Minnesota Hockey Magazine

Franchise Builder

WP_5750 Jeff Wegge

Mike Modano wishes things had ended differently in Minnesota

MINNEAPOLIS — No autographs, please.

The sign greeted the line of patrons snaking its way around The Pint Public House’s bar Friday night in downtown Minneapolis. Yet Mike Modano stood at the front of it with a Sharpie in hand, grinning as he signed a smattering of memorabilia — including several North Stars jerseys bearing his name and No. 9 — and posed for pictures as part of a pre-arranged meet-and-greet.

The highest-scoring American in NHL history was more stoic Saturday afternoon as he stepped off a tour bus and walked briskly into TCF Bank Stadium. Two hours later, he and 22 other local hockey greats of yesteryear passed underneath a stream of green-lit fireworks and onto the temporary Stadium Series ice here. And the pregame ovation from 37,922 at Saturday’s alumni game when Modano’s name was called ranked among the evening’s loudest.

It’s that kind of zeal that in less than a half-decade endeared Modano to Minnesota — and Minnesota to Modano.

“It’s nothing you wouldn’t have expected,” Modano said. “Just great fans, just passionate people that are loyal about the game and the history of the organization.”

They came to celebrate the State of Hockey’s heritage Saturday. The elder among them have Lou Nanne, Tom Reid, Neal Broten and Dino Ciccarelli. Today’s heroes wear red and go by names like Ryan, Zach and Devan.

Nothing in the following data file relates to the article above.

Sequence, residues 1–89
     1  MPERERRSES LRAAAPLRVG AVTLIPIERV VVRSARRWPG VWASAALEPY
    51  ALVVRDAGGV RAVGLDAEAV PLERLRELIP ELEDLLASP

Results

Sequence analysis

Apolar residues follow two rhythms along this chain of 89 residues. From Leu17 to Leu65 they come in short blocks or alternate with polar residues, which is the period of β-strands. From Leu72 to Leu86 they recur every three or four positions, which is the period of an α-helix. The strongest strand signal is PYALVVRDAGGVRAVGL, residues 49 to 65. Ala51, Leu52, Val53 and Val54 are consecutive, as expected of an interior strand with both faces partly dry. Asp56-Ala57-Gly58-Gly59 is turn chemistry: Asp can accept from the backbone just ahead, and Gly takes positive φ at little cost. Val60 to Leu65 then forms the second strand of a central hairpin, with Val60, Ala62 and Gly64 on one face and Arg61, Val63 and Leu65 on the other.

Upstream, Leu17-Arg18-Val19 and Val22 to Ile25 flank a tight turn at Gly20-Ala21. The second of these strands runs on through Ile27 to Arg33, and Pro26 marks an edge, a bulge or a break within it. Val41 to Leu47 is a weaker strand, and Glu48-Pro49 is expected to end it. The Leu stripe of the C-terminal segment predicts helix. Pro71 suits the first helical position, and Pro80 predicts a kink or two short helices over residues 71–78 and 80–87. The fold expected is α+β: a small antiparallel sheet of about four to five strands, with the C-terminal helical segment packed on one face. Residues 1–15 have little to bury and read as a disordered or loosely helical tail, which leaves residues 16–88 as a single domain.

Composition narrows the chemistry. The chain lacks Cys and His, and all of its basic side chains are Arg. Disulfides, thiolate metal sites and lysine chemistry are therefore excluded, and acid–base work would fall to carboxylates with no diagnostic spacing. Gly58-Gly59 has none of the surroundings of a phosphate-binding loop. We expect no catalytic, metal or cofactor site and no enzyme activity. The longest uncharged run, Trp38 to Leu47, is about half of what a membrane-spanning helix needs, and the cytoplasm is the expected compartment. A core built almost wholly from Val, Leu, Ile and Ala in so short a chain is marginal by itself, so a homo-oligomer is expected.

But those who endured Minneapolis-St. Paul’s hockey black hole from 1993-2001 also remember fondly the seismic flash before the void.

“The guy, he’s a franchise builder,” said Nanne, who coached the North Stars and Wild alums to a 6-4 victory over Chicago’s old-timers Saturday. “There are very few players that are both franchise players, but then they bring you out of your seats. They’ve got that kind of charisma. He’s one of them, and it’s something that’s special for this community and … in Dallas. But he’s still a big part of Minnesota hockey culture.”

Playing on a line with Brian Bellows and Brian Rolston, Modano skated in a Minnesota sweater for the first time since Norm Green moved the franchise to Dallas in 1993. The 45-year-old spent the first four seasons of his 21-year Hall of Fame career calling the Met Center home ice.

Nanne drafted Modano four days before his 18th birthday, rendering him the second American to be taken first overall. A rookie year that probably should’ve brought Calder Memorial Trophy honors, a Stanley Cup Finals appearance his sophomore season, and 123 goals and 186 assists later, Green ripped Modano and the North Stars away from the Twin Cities and planted them in Dallas.

The latter wishes things could’ve been different.

“I wish it would’ve worked out where we could’ve been able to stay here for a good, long time,” said Modano, who had an empty-net goal and an assist Saturday. “I would’ve loved to see what we would’ve been able to do with 10, 12, 14 years under our belts here.”

Modano will always be remembered as a (Lone) Star. His number, which he wore in homage to both Gordie Howe and Ted Williams, hangs in the American Airlines Center rafters.

Today, the Michigan native lives in Arizona. He’s married to professional golfer Allison Micheletti, the daughter and niece of Joe and Pat Micheletti. He’s a frequent links-goer himself, often swinging clubs with former Stars teammate and fellow 1999 Cup winner Brett Hull.

Sitting in the victors’ dressing room on TCF’s ground level Saturday night, Modano had the Sharpie out again. This time, he was signing jerseys for the likes of Steve Payne and Reed Larson, part of a flurry of signature exchanges among players as they sipped on Coors Light.

And for one day in the sun, at least, Modano was able to return to the beginning.

“Obviously, it’s a sentimental thing,” Modano said. “My career started here. I had four … of the greatest years (of my life).”